At this year’s Emmys, some contenders in a few series categories could see their odds of winning affected by the fact that their leading men are not nominated as well. However, it should not be assumed that their odds will be affected negatively.
“It’s like a rally cry,” awards strategist Michele Robertson says of the chatter around performers who didn’t earn noms. “It makes people take notice, and it certainly brings the awareness. The trick has always been to ensure that people watch your show, so they can have a point of view on it when they’re voting.”
Among shows nominated sans their lead actors are Netflix’s “Bodyguard” and HBO’s “Succession,” both on the drama series ballot. “Bodyguard’s” titular leading man, Richard Madden, had been considered a frontrunner by many, in part because of the intensity of the role, which earned him a Golden Globe in January. His work in “Rocketman” and recent Marvel press were assumed to increase visibility too. Meanwhile, Peter Dinklage’s transformation into the role of Hervé Villechaize was the centerpiece of “My Dinner With Hervé,” but he did not score an acting nom for the HBO original TV movie. Of course, there are many more elements than just performances that make up why a voter would deem something best series, but the performances are often the highest-profile and most-talked-about aspects.
“There are so many great performances that I don’t think it’s an easy answer to have to figure out why they didn’t get nominated,” Robertson says.
Compare these series to shows seeing a bit more luck, such as Netflix’s “Ozark,” which scored a drama series nom and noms for both lead actor and actress (Jason Bateman and Laura Linney, respectively); FX’s “Pose,” which got a drama series nom and one for its lead actor Billy Porter; and NBC’s “This Is Us,” picking up its third consecutive nods for two leading men (Sterling K. Brown and Milo Ventimiglia), as well as a first for lead actress Mandy Moore.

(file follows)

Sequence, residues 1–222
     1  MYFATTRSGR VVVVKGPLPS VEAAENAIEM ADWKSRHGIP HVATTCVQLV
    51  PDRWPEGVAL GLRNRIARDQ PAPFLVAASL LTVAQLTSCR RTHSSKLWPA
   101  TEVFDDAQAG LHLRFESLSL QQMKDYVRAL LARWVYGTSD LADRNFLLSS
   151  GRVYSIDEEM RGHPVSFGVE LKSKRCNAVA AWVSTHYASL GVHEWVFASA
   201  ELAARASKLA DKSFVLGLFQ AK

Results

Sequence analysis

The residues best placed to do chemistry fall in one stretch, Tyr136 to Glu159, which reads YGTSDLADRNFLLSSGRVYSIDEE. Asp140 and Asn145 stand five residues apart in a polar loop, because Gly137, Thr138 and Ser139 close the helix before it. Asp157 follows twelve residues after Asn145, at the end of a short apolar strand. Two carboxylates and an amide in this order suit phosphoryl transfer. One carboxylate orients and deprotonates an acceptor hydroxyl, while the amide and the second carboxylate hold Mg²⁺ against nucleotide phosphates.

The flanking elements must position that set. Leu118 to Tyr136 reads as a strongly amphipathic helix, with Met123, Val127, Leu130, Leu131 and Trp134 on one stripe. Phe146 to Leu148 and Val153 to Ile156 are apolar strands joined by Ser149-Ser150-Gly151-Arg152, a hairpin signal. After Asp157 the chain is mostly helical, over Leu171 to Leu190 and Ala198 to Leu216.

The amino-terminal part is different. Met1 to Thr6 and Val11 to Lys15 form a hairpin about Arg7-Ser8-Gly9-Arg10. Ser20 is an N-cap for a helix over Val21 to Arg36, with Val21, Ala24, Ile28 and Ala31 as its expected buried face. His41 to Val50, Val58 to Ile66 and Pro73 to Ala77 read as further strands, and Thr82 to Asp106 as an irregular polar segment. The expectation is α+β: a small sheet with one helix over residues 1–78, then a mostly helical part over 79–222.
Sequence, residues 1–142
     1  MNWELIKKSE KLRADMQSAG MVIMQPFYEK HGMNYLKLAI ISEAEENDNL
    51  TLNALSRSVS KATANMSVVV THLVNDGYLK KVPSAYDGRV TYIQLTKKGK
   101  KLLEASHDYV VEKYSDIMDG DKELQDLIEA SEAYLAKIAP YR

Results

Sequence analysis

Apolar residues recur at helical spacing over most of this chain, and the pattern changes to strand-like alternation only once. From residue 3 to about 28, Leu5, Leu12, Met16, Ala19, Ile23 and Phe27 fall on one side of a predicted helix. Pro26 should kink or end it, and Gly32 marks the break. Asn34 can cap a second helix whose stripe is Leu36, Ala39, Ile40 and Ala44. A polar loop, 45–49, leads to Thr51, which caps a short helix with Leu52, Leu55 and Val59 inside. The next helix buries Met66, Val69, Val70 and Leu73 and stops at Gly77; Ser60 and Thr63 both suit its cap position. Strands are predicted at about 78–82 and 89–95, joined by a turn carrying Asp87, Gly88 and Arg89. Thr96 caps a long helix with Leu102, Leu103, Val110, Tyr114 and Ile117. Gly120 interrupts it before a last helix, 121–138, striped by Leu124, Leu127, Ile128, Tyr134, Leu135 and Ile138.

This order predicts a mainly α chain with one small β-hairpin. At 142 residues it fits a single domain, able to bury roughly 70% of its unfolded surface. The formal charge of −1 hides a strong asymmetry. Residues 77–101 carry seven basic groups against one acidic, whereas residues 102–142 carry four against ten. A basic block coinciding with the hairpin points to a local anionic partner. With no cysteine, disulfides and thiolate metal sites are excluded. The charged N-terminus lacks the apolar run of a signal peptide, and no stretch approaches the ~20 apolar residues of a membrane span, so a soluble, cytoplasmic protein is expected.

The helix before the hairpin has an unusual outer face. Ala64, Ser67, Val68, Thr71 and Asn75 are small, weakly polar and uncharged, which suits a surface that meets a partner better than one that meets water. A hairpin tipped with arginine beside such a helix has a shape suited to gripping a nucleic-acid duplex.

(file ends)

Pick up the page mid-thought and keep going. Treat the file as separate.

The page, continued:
Certainly there’s precedent for actors being overlooked while their series have been recognized, though the results on ceremony night have been equally mixed. For example, “I Love Lucy” was nominated four times (it won twice — in 1953 and 1954), while Desi Arnaz never felt individual Emmy love; Andy Griffith was never nominated for the self-titled “The Andy Griffith Show,” despite the series itself seeing three noms (no wins); and just last year “Silicon Valley” was nominated for comedy series for the fifth consecutive time (it, too, has never won). Yet, for four of those five years, Thomas Middleditch was left out (the exception was in 2016).
As the years have passed, the competition has grown fiercer, both in the quality of performances and quantity of entries. This year, there were 108 actors submitted in the lead drama actor category, 86 in lead comedy actor, and 44 in lead limited series/TV movie.
The trend is not limited to live-action programs and performers: Among animated programs, Netflix’s “BoJack Horseman” was recognized for the first time after five seasons; specifically, the episode “Free Churro” is the one that made the ballot, one that basically asked its voice actor Will Arnett to deliver a half-hour monologue — his character gives a eulogy for his mother. Ironically, Arnett did not see a nom of his own.
“The fact that Will Arnett was not nominated, I think, says more about the Emmys nominating process than it says about Will’s performance,” says “BoJack Horseman” creator Raphael Bob-Waksberg. “You cannot nominate that episode and pretend like you’re ignoring the fact that Will gave this incredible performance in it.”
Choosing an episode that features Arnett as a solo voice actor wasn’t just a chance to celebrate a unique performance. However, Bob-Waksberg admits he has to wonder “what is the point of the Emmys, if not to highlight exactly that kind of thing?”